"In fact, it is certain that in proportion as the human mind frees itself from ideas inculcated by minorities of priests, military chiefs and judges, all striving to establish their domination, and of scientists paid to perpetuate it, a conception of society arises, in which conception there is no longer room for those dominating minorities. A society entering into possession of the social capital accumulated by the labor of preceding generations, organizing itself so as to make use of this capital in the interests of all, and constituting itself without reconstituting the power of the ruling minorities. It comprises in its midst an infinite variety of capacities, temperaments and individual energies: it excludes none. It even calls for struggles and contentions; because we know that periods of contests, so long as they were freely fought out, without the weight of constituted authority being thrown on the one side of the balance, were periods when human genius took its mightiest flight and achieved the greatest aims. Acknowledging, as a fact, the equal rights of all its members to the treasures accumulated in the past, it no longer recognizes a division between exploited and exploiters, governed and governors, dominated and dominators, and it seeks to establish a certain harmonious compatibility in its midst — not by subjecting all its members to an authority that is fictitiously supposed to represent society, not by trying to establish uniformity, but by urging all men to develop free initiative, free action, free association."
"In existing States a fresh law is looked upon as a remedy for evil. Instead of themselves altering what is bad, people begin by demanding a law to alter it. ... In short, a law everywhere and for everything! A law about fashions, a law about mad dogs, a law about virtue, a law to put a stop to all the vices and all the evils which result from human indolence and cowardice."
"In the course of ages the nucleus of social custom inscribed in law has been subjected to but slight and gradual modifications."
"It is evident that no review of evolution can be complete, unless these two dominant currents are analyzed. However, the self-assertion of the individual or of groups of individuals, their struggles for superiority, and the conflicts which resulted therefrom, have already been analyzed, described, and glorified from time immemorial. In fact, up to the present time, this current alone has received attention from the epical poet, the annalist, the historian, and the sociologist. History, such as it has hitherto been written, is almost entirely a description of the ways and means by which theocracy, military power, autocracy, and, later on, the richer classes' rule have been promoted, established, and maintained."
"Is it possible that you do not know what a hostage really is — a man imprisoned not because of a crime he has committed, but only because it suits his enemies to exert blackmail on his companions? ... If you admit such methods, one can foresee that one day you will use torture, as was done in the Middle Ages."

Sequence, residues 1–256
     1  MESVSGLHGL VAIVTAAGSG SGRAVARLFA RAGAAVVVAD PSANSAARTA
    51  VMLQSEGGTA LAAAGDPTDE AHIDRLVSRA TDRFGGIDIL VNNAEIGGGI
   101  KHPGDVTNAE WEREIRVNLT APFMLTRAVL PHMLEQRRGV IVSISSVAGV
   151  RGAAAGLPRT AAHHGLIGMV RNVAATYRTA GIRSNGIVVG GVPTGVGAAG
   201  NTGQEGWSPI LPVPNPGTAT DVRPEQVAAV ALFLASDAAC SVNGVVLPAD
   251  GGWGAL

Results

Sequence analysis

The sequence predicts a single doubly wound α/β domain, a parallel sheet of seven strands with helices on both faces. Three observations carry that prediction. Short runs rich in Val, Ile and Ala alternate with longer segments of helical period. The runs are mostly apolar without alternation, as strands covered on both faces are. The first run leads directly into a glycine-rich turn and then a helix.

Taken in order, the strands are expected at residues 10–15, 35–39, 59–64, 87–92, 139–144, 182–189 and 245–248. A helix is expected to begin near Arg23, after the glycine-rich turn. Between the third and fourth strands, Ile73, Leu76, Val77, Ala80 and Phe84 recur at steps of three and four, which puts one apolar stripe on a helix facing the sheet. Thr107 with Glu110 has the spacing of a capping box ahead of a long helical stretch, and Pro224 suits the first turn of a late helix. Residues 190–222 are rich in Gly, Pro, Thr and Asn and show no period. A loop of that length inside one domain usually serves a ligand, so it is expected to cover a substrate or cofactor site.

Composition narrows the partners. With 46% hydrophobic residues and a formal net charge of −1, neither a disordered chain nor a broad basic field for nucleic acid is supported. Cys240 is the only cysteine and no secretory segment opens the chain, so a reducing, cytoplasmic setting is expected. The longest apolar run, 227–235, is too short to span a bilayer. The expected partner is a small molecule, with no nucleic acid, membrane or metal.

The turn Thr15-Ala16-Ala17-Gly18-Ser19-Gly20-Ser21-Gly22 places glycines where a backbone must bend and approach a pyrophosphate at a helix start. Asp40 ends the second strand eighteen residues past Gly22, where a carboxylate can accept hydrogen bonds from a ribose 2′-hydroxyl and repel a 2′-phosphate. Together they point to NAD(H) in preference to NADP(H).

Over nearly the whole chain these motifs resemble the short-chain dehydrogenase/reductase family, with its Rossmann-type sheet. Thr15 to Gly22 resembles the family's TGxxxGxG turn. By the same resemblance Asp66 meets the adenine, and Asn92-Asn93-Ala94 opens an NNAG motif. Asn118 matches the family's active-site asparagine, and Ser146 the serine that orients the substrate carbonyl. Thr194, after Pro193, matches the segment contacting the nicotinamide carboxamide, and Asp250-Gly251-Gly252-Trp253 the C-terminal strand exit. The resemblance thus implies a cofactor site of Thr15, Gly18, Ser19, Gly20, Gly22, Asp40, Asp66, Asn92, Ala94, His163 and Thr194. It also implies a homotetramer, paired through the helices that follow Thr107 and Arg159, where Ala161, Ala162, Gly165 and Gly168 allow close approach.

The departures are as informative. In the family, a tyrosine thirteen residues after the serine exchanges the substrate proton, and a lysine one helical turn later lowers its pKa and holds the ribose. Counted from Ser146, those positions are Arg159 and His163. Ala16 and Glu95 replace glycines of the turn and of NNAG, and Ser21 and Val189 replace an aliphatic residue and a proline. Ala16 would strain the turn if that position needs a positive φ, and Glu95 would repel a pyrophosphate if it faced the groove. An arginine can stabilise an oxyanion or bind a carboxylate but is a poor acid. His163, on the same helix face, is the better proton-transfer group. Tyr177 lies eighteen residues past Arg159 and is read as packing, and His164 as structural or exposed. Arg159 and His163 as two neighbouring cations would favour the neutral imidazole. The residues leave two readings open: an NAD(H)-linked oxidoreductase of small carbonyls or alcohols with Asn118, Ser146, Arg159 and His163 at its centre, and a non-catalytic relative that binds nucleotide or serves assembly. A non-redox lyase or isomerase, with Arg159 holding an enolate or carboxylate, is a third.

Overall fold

"It even calls for struggles and contentions; because we know that periods of contests, so long as they were freely fought out, without the weight of constituted authority being thrown on the one side of the balance, were periods when human genius took its mightiest flight and achieved the greatest aims."
"Is it less true for that? And shall we allow our belief in the State to survive the host of prejudices we have already sacrificed for our emancipation?"
"Men passionately desire to live after death, but they often pass away without noticing the fact that the memory of a really good person always lives. It is impressed upon the next generation, and is transmitted again to the children. Is that not an immortality worth striving for? "
"Legislators confounded in one code the two currents of custom of which we have just been speaking, the maxims which represent principles of morality and social union wrought out as a result of life in common, and the mandates which are meant to ensure external existence to inequality."
"Men of courage, not satisfied with words, but ever searching for the means to transform them into action, — men of integrity for whom the act is one with the idea, for whom prison, exile, and death are preferable to a life contrary to their principles, — intrepid souls who know that it is necessary to dare in order to succeed, — these are the lonely sentinels who enter the battle long before the masses are sufficiently roused to raise openly the banner of insurrection and to march, arms in hand, to the conquest of their rights."
"More than a century has passed since science laid down sound propositions as to the origins of the universe, but how many have mastered them or possess the really scientific spirit of criticism? A few thousands at the outside, who are lost in the midst of hundreds of millions still steeped in prejudices and superstitions worthy of savages, who are consequently ever ready to serve as puppets for religious impostors."
"Men who long for freedom begin the attempt to obtain it by entreating their masters to be kind enough to protect them by modifying the laws which these masters themselves have created!"
"Knowledge is an immense power. Man must know. But we already know much! What if that knowledge — and only that — should become the possession of all? Would not science itself progress in leaps, and cause mankind to make strides in production, invention, and social creation, of which we are hardly in a condition now to measure the speed?"
"Mutual aid, even though it may represent one of the factors of evolution, covers nevertheless one aspect only of human relations; that by the side of this current, powerful though it may be, there is, and always has been, the other current — the self-assertion of the individual, not only in its efforts to attain personal or caste superiority, economical, political, and spiritual, but also in its much more important although less evident function of breaking through the bonds, always prone to become crystallized, which the tribe, the village community, the city, and the State impose upon the individual. In other words, there is the self-assertion of the individual taken as a progressive element."